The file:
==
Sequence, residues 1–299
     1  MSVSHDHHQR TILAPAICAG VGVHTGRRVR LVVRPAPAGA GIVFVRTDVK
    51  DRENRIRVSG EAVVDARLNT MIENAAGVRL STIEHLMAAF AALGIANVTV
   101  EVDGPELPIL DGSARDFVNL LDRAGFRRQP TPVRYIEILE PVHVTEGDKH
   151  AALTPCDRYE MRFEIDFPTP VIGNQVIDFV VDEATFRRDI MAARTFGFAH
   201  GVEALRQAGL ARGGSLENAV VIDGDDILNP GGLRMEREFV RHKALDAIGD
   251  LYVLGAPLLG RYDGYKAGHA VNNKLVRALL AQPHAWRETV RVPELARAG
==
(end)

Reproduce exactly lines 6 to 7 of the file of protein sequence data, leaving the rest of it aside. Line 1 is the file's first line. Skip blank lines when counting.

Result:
   201  GVEALRQAGL ARGGSLENAV VIDGDDILNP GGLRMEREFV RHKALDAIGD
   251  LYVLGAPLLG RYDGYKAGHA VNNKLVRALL AQPHAWRETV RVPELARAG